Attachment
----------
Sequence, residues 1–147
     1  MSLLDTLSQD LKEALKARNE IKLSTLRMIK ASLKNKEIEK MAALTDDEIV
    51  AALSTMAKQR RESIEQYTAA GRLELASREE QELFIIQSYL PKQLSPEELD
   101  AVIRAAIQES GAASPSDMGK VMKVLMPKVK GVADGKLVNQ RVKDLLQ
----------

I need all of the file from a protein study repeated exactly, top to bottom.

Sequence, residues 1–147
     1  MSLLDTLSQD LKEALKARNE IKLSTLRMIK ASLKNKEIEK MAALTDDEIV
    51  AALSTMAKQR RESIEQYTAA GRLELASREE QELFIIQSYL PKQLSPEELD
   101  AVIRAAIQES GAASPSDMGK VMKVLMPKVK GVADGKLVNQ RVKDLLQ